Hello World Communications
Hello World Communications - Tools & Services for the Imagination - HWC.TV

Film Festival Today

Founded by Jeremy Taylor

New York Film Festival 2010 – Film Review: Le Quattro Volte

Written by: FFT Webmaster | September 21st, 2010

* * * 1/2

“Le Quattro Volte” 88 mins
Dir: Michaelangelo Frammartino
Reviewed at the NY Film Festival 2010


“Ashes to ashes dust to dust.” The film starts with the visuals of ashes and ends with the creation of ashes (coal). Artistically witty and cerebal – Le Qattro Volte appeals to the senses. It makes you ponder on how simplicity and sans dialogue make you think more and process the story line with your own interpretation.

“Circle of life.” Repetition in theme and showing a routinary life of a shepherd reminds us of one’s existence. Day in and day out. What we do defines us. Sometimes it seems challenge-less but at the end one break in routine might cause chaos…. Routine might not be the best, but to some it defines their life, livelihood and existence here on earth.

As per the director there are Four corners of life:
1) we as human, we are like mineral – full of salt and all those chemical composition
2) we as human, we are like vegetable – full of life like our blood that “flows like sap” in our bodies
3) we as human, we are like animals – we are endowed with instinct
4) we as human, we are men – that is gifted with reason and intellect.
Michelangelo Frammartino describes this as attributed to Pythagoras, “thus, we must know ourselves four times.”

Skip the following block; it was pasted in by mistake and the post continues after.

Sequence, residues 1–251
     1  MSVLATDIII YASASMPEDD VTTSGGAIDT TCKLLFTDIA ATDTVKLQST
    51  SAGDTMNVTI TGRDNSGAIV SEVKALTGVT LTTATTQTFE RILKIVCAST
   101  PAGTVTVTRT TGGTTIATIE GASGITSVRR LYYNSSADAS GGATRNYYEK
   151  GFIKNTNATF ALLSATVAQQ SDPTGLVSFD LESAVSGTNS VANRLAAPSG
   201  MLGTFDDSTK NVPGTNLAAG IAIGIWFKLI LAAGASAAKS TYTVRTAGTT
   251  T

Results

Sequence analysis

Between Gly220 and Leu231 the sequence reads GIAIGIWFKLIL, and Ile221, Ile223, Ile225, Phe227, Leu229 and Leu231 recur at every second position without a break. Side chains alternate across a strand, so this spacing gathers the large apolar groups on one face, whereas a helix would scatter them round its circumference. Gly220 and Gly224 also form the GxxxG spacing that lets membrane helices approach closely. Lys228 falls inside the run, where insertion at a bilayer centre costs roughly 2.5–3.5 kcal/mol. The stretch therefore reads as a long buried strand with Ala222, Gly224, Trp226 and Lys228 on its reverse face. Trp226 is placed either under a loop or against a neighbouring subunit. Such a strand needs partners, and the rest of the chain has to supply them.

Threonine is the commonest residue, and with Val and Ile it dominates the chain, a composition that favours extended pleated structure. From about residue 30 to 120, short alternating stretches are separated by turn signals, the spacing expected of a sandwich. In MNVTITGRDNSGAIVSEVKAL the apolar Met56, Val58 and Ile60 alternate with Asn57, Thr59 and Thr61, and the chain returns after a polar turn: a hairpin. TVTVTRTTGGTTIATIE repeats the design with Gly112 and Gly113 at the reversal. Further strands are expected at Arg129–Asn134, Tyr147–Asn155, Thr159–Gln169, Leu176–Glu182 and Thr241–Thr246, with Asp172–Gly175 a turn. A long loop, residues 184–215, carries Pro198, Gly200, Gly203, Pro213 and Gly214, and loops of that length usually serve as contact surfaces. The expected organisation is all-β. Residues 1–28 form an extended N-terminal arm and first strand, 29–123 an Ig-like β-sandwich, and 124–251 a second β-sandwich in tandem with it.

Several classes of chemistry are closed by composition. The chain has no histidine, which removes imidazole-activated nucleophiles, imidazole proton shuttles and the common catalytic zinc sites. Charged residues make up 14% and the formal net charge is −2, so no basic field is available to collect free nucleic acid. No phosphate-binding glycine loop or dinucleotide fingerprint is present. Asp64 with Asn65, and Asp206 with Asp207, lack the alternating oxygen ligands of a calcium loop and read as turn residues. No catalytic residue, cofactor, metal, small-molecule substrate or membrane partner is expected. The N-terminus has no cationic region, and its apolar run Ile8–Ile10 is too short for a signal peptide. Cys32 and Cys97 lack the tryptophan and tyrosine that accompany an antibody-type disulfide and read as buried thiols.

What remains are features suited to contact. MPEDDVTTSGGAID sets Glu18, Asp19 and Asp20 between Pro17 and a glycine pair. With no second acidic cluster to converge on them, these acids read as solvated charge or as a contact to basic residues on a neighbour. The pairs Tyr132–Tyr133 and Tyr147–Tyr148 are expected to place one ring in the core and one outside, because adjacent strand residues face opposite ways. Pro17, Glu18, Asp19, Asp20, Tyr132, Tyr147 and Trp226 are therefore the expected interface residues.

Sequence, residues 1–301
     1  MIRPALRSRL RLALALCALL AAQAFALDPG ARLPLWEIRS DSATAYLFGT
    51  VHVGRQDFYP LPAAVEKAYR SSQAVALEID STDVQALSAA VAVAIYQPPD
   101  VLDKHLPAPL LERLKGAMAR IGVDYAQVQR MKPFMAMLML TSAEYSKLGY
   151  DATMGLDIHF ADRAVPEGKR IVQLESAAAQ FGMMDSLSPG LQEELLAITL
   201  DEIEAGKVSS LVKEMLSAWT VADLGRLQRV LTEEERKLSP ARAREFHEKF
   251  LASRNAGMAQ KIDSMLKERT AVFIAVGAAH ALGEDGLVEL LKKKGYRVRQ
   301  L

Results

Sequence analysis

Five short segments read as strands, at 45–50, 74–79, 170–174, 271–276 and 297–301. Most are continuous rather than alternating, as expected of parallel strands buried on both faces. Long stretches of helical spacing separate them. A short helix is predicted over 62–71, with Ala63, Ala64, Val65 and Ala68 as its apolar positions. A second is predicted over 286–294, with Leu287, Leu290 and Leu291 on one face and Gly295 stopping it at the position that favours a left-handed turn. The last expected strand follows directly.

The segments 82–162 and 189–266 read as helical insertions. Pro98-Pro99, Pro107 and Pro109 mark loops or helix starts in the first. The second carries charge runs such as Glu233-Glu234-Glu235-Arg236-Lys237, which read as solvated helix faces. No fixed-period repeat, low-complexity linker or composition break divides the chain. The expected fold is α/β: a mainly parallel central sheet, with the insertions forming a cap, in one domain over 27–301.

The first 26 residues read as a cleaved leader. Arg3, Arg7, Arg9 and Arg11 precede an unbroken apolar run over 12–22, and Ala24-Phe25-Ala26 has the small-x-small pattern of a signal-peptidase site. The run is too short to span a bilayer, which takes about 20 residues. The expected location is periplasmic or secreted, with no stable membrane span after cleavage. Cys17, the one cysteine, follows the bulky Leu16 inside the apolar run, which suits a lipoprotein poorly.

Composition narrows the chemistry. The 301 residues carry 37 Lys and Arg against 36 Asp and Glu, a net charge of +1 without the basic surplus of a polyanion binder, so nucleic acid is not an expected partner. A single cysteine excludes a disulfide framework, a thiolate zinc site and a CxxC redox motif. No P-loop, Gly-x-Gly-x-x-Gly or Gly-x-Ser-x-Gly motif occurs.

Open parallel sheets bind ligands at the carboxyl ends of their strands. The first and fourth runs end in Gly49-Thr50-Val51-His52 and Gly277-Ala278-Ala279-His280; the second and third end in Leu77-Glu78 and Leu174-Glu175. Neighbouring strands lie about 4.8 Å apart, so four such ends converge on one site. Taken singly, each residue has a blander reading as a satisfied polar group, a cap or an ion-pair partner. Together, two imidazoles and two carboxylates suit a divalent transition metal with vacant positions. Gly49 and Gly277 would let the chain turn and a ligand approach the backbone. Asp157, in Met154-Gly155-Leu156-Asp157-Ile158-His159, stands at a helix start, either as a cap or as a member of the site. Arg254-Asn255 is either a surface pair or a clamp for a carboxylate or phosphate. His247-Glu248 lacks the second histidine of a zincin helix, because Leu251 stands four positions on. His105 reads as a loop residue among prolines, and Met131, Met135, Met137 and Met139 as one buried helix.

So, through the visuals I saw in the film I saw a lot of things that came in “four’s.”

I. Theme:
1) ashes that was the book end of the film so black, so basic, so earthy and so needed in their village
2) shepherd – herd (man – animal relationship), the beginning of the film showed the symbiotic relationship of man needing animal – animal needing man.
3) man – traditions, religious traditions such as the Holy Week, reinactment of Jesus’ crucifxion and the Fig tree “Pita” festivities
remind us of the need of man to entertain and maintain their faith, customs and traditions.
4) ashes – livelihood as it ends the story shows how ashes ( coal ) is the livelihood of some residents – showing that
all the community need the coal to cook thus to survive. Ashes came to full circle.

II. Ambience: The Four seasons: winter, spring summer and fall were certainly focused as the backdrop of the film.
The Southern Italy’s mountainous region of Calambria was wonderfully showcased in the four seasons – showing
its beauty and awesome wonder and at the same time featuring the inhabitants’ mundane activities in the foreground that change as the seasons evolve in the background.

III. The Characters:
The four characters in the film were: the shepherd, the herd of goat, the fir tree showcased in the Pita festivities, and the coal.
1) The shepherd was in chapter one. He was old, tired, believing in the tradition of drinking the magic potion of the collected dust (ashes) from their church floor as his elixir in life. His existence is defined by his animals. He seems to be satisfied until he was not able to drink his magic potion one night and in his life all hell broke loose!
2) The herd of goat is dependent on the sheperd and his